For the Global Fund to Fight AIDS, Tuberculosis and Malaria to effectively continue its lifesaving work, it needs to raise at least $18 billion at this years Replenishment Conferencea substantially higher amount than the $14 billion fundraising goal it has set for itself.
We strongly urge new and traditional Global Fund donors to be more ambitious than the current funding target, because $14 billion is a bare minimum and will not meet the entire need, as the Global Funds own Investment Case points out, said Terri Ford, AHF Chief of Global Advocacy & Policy. To completely cover that funding shortfall for AIDS, TB and malaria, the Global Fund would likely need even more than $18 billion. But given current economic realities, raising $4 billion more than the Sixth Replenishments decidedly conservative goal would go a long way in saving millions more lives.
Accounting for inflation, the target of $14 billion for the Sixth Replenishment means the goal essentially remains flat from the Fifth Replenishment ($13 billion), while domestic contributions for the global response to AIDS, TB and malaria are ambitiously projected to increase by 48% under the current investment case. Considering that domestic contributions grew by only about 30% during the previous Replenishment and will likely keep the same pace, it’s reasonable to expect that donor funding should also increase proportionately, by at least 30%, which would amount to about $18 billion an increase of $4 billion over the existing target.
The Global Fund has proven itself as the worlds best mechanism to fight our most deadly infectious diseases. Thanks to the Funds support, over 27 million lives have been saved since 2002. Over 17.5 million people have received lifesaving treatment for HIV, and in 2017 alone, the Global Fund treated 5 million people for TB and gave out 197 million anti-malaria mosquito nets. But without increased funding, millions will suffer, responses to the diseases will stall and precious progress will be lost.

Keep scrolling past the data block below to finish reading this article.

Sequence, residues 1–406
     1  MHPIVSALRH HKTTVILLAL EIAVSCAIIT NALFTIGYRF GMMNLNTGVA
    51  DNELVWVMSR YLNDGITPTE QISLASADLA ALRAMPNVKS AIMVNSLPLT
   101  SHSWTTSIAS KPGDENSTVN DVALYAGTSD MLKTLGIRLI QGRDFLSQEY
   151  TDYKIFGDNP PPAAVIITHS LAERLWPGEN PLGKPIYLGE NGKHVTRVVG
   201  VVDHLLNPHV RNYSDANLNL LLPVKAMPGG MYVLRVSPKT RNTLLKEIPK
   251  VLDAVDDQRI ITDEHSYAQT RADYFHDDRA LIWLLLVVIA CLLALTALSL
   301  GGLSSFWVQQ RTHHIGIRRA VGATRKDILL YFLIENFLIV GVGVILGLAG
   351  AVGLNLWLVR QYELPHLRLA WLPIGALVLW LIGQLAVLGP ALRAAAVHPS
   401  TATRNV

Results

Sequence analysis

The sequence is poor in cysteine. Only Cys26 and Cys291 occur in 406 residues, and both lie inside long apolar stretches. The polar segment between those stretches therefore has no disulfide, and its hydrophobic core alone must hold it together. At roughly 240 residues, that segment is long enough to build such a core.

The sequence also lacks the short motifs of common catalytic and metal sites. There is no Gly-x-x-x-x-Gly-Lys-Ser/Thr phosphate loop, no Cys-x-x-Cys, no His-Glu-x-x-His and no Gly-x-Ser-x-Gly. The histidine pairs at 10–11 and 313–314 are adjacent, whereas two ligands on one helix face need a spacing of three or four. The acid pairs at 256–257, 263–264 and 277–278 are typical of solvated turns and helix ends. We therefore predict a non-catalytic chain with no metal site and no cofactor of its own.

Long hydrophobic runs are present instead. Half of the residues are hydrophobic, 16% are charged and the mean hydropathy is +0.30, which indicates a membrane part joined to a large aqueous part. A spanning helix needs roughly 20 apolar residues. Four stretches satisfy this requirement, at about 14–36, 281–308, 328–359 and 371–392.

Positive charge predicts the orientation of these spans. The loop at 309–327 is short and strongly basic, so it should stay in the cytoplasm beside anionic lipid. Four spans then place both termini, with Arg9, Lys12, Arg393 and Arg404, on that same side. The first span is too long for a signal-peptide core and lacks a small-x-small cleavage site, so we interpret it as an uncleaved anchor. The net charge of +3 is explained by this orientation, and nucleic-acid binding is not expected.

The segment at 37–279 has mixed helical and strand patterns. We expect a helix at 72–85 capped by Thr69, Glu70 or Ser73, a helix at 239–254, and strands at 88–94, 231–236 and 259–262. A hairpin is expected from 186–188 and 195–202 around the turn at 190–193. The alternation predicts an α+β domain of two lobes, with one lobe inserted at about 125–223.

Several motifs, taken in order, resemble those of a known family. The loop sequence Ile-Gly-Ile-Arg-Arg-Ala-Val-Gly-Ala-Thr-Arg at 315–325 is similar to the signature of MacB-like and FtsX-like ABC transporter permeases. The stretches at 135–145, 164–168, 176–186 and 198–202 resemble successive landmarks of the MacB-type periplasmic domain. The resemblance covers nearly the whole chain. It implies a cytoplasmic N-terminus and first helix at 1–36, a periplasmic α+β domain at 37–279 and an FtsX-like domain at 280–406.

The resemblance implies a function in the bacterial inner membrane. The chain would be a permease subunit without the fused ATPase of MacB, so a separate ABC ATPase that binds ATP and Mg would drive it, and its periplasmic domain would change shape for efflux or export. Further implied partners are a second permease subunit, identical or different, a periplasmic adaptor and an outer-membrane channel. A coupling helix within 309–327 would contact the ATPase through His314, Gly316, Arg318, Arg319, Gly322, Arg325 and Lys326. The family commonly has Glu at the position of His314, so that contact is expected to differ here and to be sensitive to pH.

We are calling for $18 billion for the Global Fund because global health is a public good. We all benefit from a healthier, more stable and economically productive world no matter where we live, so all countries have an obligation to contribute to that effort, said Dr. Penninah Iutung, AHF Africa Bureau Chief. Unfortunately, there are still many wealthy countries in the world who are not giving their fair share. Even within the G20, countries like China must step up and give more “ especially after benefiting from trade links with Africa. It needs to give back to the continent thats hardest hit by the three deadly epidemics. There is also a big role to play for wealthy petro-states and non-traditional donor countries. We hope world leaders will aim to set a high bar during the Replenishment in October, instead of merely looking to do the bare minimum. Domestic financing from poor countries wont solve this critical life and death challenge.
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AIDS Healthcare Foundation (AHF), the largest global AIDS organization, currently provides medical care and/or services to over one million clients in 43 countries worldwide in the US, Africa, Latin America/Caribbean, the Asia/Pacific Region and Europe/Eastern Europe. To learn more about AHF, please visit our website: www.aidshealth.org, find us on Facebook: www.facebook.com/aidshealth and follow us on Twitter: @aidshealthcare and Instagram: @aidshealthcare
Denys Nazarov, Director of
Global Policy & Communications, AHF
+1.323.219.1091 [email protected]
Kenslea, Senior Director, Communications, AHF
[cell] +1.323.308.1833 [work] [email protected]
Hassell, National Director of Advocacy, AHF
[cell] [email protected]